13 Points To Watch At MIDEM 2013

CANNES, France (VIP NEWS) — As the world's largest trade fair for the music industry, MIDEM can be daunting to navigate. Last year's gathering drew more than 6,850 attendees from 77 countries, representing 3,120 companies, including 155 startups. This year's event, taking place Jan. 26-29 at the Palais des Festivals in Cannes, promises similar robust participation.

So, how best to manage MIDEM? Billboard offers this 13-point guide of what to watch in 2013, from a trans-Atlantic perspective. U.S.-based senior editorial analyst Glenn Peoples and U.K.-based contributor Richard Smirke have surveyed the trends, panels, showcases and more coming to Cannes, providing their priority picks.

SoundCloud, the Echo Nest and Songkick all received an early boost at previous editions of MIDEM's digital startup competition, MIDEMlab. The 30 finalists competing this year will no doubt be looking to make a similarly big splash in the music space. Deezer CEO Axel Dauchez and Amazon VP of digital music Steve Boom are among the jury members, with daily pitch sessions taking place at the Innovation Factory, a dedicated tech zone. For startups looking for funding, Walden Venture Capital managing director Larry Marcus will lead a panel session on "How to Get a VC Excited About Partnering With You" at 10:20 a.m. on Jan. 28. MIDEM Hack Day once again brings together 30 developers and gives them 48 hours to build game-changing apps that will be unveiled at 11:30 a.m. on Jan. 28.

Social media discussions are all over this year's MIDEM program, from the keynote with Blink-182's Mark Hoppus to a "Digital Deconstruction Workshop" in which three experts will critique and make suggestions for attendees' websites and social media strategies. Speakers will share their "how to" knowledge on everything from Instagram to Pinterest. Panelists speaking about the power of social media range from Tumblr's music evangelist to the GM of the San Francisco Symphony. On the innovation side of things, the presentations during MIDEMlab will include business model pitches by startups in the marketing and social engagement category.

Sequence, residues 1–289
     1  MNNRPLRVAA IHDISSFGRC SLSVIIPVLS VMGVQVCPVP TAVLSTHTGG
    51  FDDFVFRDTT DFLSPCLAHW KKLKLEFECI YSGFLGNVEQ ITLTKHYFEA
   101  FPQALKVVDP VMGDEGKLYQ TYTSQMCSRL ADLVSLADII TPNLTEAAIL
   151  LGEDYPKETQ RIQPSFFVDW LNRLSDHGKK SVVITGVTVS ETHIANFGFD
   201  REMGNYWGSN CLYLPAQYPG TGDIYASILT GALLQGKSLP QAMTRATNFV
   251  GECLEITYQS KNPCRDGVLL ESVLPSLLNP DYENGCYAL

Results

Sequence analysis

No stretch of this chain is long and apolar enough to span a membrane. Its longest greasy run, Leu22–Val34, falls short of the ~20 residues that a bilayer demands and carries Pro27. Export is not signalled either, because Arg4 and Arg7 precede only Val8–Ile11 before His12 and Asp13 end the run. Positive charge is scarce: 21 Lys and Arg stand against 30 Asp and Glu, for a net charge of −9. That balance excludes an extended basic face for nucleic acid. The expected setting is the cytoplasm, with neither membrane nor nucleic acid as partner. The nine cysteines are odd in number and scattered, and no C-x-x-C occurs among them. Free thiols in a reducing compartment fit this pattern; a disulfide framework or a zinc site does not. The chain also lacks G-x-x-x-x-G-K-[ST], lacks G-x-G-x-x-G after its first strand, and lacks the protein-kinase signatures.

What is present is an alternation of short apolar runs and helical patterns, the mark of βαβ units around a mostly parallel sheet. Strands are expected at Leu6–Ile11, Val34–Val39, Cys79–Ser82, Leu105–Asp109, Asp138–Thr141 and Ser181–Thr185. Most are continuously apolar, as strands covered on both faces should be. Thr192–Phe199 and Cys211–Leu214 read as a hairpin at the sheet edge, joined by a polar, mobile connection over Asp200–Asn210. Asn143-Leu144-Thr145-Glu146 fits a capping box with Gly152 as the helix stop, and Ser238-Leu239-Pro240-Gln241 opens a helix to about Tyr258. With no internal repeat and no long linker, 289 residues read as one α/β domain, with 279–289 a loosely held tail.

Taking place amid the many "how to" panels will be a few discussions that will peer into a future of ubiquitous connectivity. Imagine listening to Internet radio in your car and always having a fast download speed. The session "Toward a Connected Life" at 3:30 p.m. on Jan. 28 will offer three distinct perspectives about how the entertainment industry can partner with cities and manufacturers to make content more accessible. Participating will be Paul Mascarenas, chief technology officer for Ford; T.J. Kang, senior VP of media services for Samsung Electronics; and Jean-Louis Missika, Paris' deputy mayor in charge of innovation. On Jan. 29 at 10:30 a.m., mobile and digital executives will discuss "Where to Find Innovation in Mobile Music."

The music industry is a few years into the data revolution, and big data is a regular topic at conferences. "Music as Data-Informed Business," at 2:30 p.m. on Jan. 28, will feature representatives from Nielsen, Next Big Sound, EMI Music and the Danish collection society Koda discussing how to make data-informed decisions rather than uninformed, gut-driven ones. Data is also at the heart of music licensing. "GRD, It's Started!," at 10:50 a.m. on Jan. 29, will give an update on the Global Repertoire Database that aims to provide a single, worldwide repository with authoritative information to be used by digital service providers, authors' societies and music publishers.

The absorption of EMI Recorded Music and EMI Music Publishing by, respectively, Universal Music Group and Sony/ATV Music Publishing was one of the top music business stories of 2012. The ongoing ramifications of those deals are sure to be a dominant talking point at MIDEM. Guidance on how to successfully navigate the newly reconfigured music landscape will be provided by the MIDEM Academy (Jan. 26-29), as well as numerous other panels, discussions and workshops. Of particular note are "Next Gen Managers: Multi-Tasking, Social Media and Sourcing New Revenue Streams" at 4:10 p.m. on Jan. 26; "Brands, Bands and Content: How Access Became the New King" at 10:30 a.m. on Jan. 28; and "Next Gen Labels: Beyond the Hype Factor," moderated by Glassnote Entertainment Group CEO Daniel Glass, on Jan. 28 at 4:10 p.m.

As the music business becomes ever more fragmented and diversified, the need for strong legal counsel across all levels is essential. At 10 a.m. on Jan. 27, "What You Need to Know in 2013: The Legal Update for Entertainment and Technology" will examine the complexities and potential pitfalls of today's industry. On the same day at noon, attorney Bernard Resnick will lead a master class on "Negotiating a Branding Deal." The panel session "I Love My Lawyer! How Creative Counsel Support Growth & Innovation" follows, also on Jan. 27, at 2:30 p.m. MIDEM attendees seeking one-on-one advice should head to the Networking Village at 10 a.m. on Jan. 28 for a chance to "Meet the Lawyers." Further expert insight can be gained at the "Understanding International Digital Music Licensing" panel at 2:30 p.m. on Jan. 29.